Perhaps more importantly, in agile development a product is built by a self-organizing, cross-disciplinary team working in parallel, rather than by a series of expert solo practitioners each doing their jobs largely by themselves and then handing their work off to the next expert in line. Every team member contributes his or her own expertise to the general effort, but nobody’s perspective is sacred; everybody works in service to a product’s users. To rely on a sports metaphor, if waterfall development is like a relay race, then agile is more like a rugby scrum.
The primary benefit of agile development? Adaptability. If something isn’t working, you find out right away and adjust before it’s too late. The difficult notion for some people to come to grips with? That you don’t have a product entirely planned out, down to the last detail, before you start working. When you set out to make a piece of software, you never know precisely what you’re going to end up with—a feature that might seem obvious or essential at the outset of a project might not “test” particularly well with your intended users—but do you know people are much more likely to love it.
Increasingly, we are making agile plays, too. The obvious example: the work of devising ensembles: interdisciplinary groups of theater artists working collaboratively to create plays. (Look for a future column about agile and devised theater.) But I think it’s also worth asking what an agile theatrical organization might look like, too. A few thoughts:
- An agile theater wouldn’t have seasons; they’d just develop plays and release them when they were done.
- Speaking of which: an agile theater would ONLY do new work. (Waterfall is much more suited to well-traveled plays.)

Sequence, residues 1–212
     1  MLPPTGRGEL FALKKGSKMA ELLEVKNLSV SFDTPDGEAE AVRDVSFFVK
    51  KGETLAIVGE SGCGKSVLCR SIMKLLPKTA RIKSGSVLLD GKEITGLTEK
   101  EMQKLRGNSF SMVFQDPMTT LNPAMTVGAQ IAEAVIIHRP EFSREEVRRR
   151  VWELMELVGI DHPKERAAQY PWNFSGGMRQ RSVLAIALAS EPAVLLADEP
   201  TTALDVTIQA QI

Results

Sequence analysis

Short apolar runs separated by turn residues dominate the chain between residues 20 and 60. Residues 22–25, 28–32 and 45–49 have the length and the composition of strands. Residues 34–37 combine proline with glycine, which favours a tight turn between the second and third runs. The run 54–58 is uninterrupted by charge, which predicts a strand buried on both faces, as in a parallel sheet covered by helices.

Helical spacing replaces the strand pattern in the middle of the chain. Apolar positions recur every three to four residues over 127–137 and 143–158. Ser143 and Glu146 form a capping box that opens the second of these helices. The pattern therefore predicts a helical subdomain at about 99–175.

- At an agile theater, rehearsals would be open to audience members on a semi-regular basis. (How else to get their feedback?)
- At an agile theater, audiences would be deeply invested in the work that ends up on stage, having played a real role in its creation.
- Agile theaters wouldn’t sell subscriptions. A subscription is just a kind of “theater attendance blueprint” to be slavishly followed. They might, however, develop loyalty programs to reward recurring attendance… and tickets would always be exchangeable.
- Agile theaters wouldn’t necessarily be run by artistic directors; they’d be more likely to function as collectives.
- If an artistic director did run an agile theater, her job would be to select devised projects, rather than plays.
The implications are wide-ranging and significant.
And all of this is happening, right now, throughout the American theater. With the rise in devising ensembles, the emphasis on audience integration, and the decline of season subscriptions in some quarters, we are arguably at the beginning of an agile theater movement. A significant percentage of the small independent theaters in my own city, DC, would definitely fit the agile description—Rorschach, for one, has abandoned the notion of a “season” entirely; dog & pony, for another, has been bringing audiences into its devising process earlier and earlier—and I suspect the same is true elsewhere as well. So I think it’s time to start paying a bit more attention to those entrenched patterns we’re relying on…and deciding more overtly which might be serving our sector the best.